- Improved home-schooling skills with bribery of chewits per certain word count completed.
- Greatly enjoying my one extra-long walk a day with Bertie in the peace and quiet to reflect and recharge. (Here’s a picture of Bertie on a sunny day to make you all smile!).
You can view the complete mailing here.
Mayvin Associate Consultant, Helena Clayton, explained how her practice and meaning of radical love has changed (April 3rd):
- I’ve extended my meaning of radical love to accepting that I am not in control. I’ve watched with fascination and also shock how so many things I accepted as always being ‘I can’ so quickly become ‘I can’t’. I’ve noticed how much I had come to rely on the architecture of my life being solidly in place. And how challenging it is to come to terms with what’s changing.
- Working as a coach and in leadership development, my life is planned out weeks and months ahead and I have watched all the work I love and that creates my identity be removed piece by piece. And work that I thought ‘ah, that will definitely stay and will convert to virtual’, for a range of reasons has also disappeared. It’s been unsettling to watch the solid foundation that I have built up over years just disappearing in days. I feel vulnerable and helpless. I have a sense of grief and loss.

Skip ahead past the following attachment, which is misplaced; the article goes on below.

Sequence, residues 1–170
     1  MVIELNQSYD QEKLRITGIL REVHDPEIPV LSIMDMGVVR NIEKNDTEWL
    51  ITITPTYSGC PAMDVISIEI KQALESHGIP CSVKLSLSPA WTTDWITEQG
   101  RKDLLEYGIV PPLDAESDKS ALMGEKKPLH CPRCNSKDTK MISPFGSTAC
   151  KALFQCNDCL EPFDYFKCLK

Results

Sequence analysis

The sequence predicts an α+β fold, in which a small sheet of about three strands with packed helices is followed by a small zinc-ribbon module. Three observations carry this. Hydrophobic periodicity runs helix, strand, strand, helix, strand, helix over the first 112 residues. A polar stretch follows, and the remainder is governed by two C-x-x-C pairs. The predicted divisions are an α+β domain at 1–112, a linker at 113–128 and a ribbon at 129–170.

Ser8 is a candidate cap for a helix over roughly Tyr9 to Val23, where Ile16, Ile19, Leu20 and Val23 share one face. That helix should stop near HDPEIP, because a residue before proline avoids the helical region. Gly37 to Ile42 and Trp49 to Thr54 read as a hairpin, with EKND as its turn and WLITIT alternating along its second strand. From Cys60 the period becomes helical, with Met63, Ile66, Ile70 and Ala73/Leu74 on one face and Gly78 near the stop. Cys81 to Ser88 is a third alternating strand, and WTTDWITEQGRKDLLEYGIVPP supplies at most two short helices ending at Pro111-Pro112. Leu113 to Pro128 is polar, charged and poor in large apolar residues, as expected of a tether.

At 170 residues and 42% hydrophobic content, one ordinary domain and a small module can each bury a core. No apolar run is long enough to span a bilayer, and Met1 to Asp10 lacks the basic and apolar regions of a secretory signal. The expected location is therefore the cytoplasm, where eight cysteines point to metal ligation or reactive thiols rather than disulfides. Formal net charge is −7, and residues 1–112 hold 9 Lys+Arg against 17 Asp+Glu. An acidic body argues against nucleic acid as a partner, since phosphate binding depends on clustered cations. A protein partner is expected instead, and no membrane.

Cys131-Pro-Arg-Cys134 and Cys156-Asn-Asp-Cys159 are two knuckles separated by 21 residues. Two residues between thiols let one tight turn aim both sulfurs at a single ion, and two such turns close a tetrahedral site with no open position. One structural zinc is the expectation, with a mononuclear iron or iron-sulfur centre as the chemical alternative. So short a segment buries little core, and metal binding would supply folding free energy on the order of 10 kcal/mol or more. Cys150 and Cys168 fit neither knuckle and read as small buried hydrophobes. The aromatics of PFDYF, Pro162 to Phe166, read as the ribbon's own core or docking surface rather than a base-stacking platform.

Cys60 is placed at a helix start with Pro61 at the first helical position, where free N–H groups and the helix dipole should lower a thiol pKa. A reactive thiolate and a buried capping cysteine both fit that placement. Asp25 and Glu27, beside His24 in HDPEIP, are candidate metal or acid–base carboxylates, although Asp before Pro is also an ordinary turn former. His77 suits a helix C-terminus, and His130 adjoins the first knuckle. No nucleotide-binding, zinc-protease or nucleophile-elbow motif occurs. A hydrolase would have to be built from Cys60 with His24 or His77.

- On a personal level, this is all good, though. The value of learning to live with less is one that’s really helpful for me. I am feeling so deeply grateful for all that I do have. And the lessons of surrender and acceptance are ones that I have always needed to learn.
View the entire mailing here.
Mayvin Marketing & Business Development Coordinator, Samantha Candanedo, shared her advice on dealing with anxiety and nerves during lockdown (April 9th):
- Meditation – I’ve gotten into the habit of meditating every morning when I wake up. It helps me clear my mind, become aware of my thoughts and let go of negative thinking. I highly recommend the free app Oak.
- Practising Gratitude – Starting the day thinking about at least three things that I’m grateful for has been a great way to start on a positive note. Even if it’s something small like feeling the warmth of the sunshine or the smell of my morning coffee.